I had a huge appreciation for the importance or relevance of business but I was not a business leader by indoctrination or training. Initially I was a little scared. I literally went running to the CFO of the company in Hewitt, and told him to explain how P&L is managed, what is this top line, bottom line. But then I got down to it and learnt about it and it is not rocket science. There were two things which I had to put in a little more effort to learn. One was the financial management and second was economics of a professional services firm, what is a budget, what is a good budget, bad budget and how do you manage. The third one which was about people came naturally to me and here I had an advantage, it helped.
HR – a road to the future
The first and most critical thing as per me is a change in mindset – change agility is the most critical. If I as an HR person wanted to transition and become more relevant, I would look within to see, how receptive am I to learning, how self aware am I, am I moving with the times, am I listening to what the world requires and what the current environment requires or am I in my own head going through my own noise of technical stuff, stuff I may have read, how many more OD certifications should I get, how many more courses should I do? I am not saying that is not important. All I am saying is HR needs to become more agile and therefore more self aware and better, listen and be receptive to the reality around.
The second change I would urge is in terms of skill. HR people should go back to classroom learning about the business. Understand the financial drivers, the share valuation, what the analysts are saying; why they are saying that, what are the imperatives, what are the current business priorities for my business, what they are going to be three years later and understand why, what is his competitor doing in this space. And this should not be with reference to people; they should understand the business first and then connect it with the people aspect later.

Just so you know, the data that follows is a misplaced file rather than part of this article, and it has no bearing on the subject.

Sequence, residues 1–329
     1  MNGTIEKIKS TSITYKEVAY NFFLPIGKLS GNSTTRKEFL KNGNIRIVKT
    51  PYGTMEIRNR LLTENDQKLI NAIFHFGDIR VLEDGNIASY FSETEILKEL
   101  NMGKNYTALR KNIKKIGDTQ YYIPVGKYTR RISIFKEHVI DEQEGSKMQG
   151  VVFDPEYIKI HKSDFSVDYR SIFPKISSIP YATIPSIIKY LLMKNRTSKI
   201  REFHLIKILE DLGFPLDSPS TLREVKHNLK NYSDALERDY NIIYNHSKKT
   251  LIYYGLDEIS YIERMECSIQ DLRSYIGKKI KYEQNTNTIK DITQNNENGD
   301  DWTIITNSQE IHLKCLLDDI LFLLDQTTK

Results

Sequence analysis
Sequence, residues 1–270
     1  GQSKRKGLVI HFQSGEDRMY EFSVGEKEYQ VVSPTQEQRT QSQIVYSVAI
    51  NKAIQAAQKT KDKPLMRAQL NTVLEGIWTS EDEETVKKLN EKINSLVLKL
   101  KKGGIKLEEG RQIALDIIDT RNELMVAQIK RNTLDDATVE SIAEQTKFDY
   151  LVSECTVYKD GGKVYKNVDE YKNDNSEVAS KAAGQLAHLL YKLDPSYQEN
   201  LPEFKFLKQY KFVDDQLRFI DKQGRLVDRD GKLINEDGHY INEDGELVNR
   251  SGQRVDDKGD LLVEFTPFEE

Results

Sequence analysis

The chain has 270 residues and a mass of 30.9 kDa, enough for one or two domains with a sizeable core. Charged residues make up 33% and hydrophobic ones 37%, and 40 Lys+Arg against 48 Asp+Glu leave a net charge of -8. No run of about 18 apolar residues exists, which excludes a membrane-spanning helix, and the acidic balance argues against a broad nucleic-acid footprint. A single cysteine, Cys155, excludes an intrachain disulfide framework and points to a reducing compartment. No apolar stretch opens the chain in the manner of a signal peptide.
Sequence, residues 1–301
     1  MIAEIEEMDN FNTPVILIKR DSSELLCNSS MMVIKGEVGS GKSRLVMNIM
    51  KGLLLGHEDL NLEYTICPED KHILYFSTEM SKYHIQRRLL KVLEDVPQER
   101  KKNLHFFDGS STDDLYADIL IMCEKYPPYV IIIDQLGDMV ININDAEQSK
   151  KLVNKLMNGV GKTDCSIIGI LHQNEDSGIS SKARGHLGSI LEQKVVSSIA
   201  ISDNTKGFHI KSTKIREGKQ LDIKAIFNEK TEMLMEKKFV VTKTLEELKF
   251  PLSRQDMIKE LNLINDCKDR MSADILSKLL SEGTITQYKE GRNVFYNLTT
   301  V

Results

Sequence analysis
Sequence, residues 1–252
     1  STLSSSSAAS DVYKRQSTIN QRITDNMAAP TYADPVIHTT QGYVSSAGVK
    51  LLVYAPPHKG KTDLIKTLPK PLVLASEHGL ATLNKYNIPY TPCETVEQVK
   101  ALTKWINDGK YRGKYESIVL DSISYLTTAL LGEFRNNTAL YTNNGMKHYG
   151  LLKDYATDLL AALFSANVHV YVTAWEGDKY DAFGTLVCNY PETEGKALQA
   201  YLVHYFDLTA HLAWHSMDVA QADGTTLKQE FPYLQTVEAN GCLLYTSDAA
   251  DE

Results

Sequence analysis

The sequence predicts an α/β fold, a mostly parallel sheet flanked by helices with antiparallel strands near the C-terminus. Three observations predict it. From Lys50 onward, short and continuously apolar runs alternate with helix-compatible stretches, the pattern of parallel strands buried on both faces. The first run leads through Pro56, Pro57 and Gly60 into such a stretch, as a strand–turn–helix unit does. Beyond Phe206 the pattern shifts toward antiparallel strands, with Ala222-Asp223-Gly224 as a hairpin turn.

They need to develop a business understanding and the acceptance that this understanding is critical so learn it. What I had to do because I had to manage a business role, if I had to go back to being an HR person, today I would do that as an HR person.
I see the place for HR as a function to go is that you can’t tell the difference between the skills of an HR manager and a business leader. The day that happens actually will be the best point for the organisation. Both should have the knowledge base and perspective even though their time spent on it and their depth of study may differ. It is a two-way tango; it’s not just what HR can do differently, it’s also about what business can do differently to enable the function to make that shift. In fact, I advise business leaders who are looking for a good HR person, to put their best business person in the HR role. It is a development opportunity for them and a win-win for the organisation.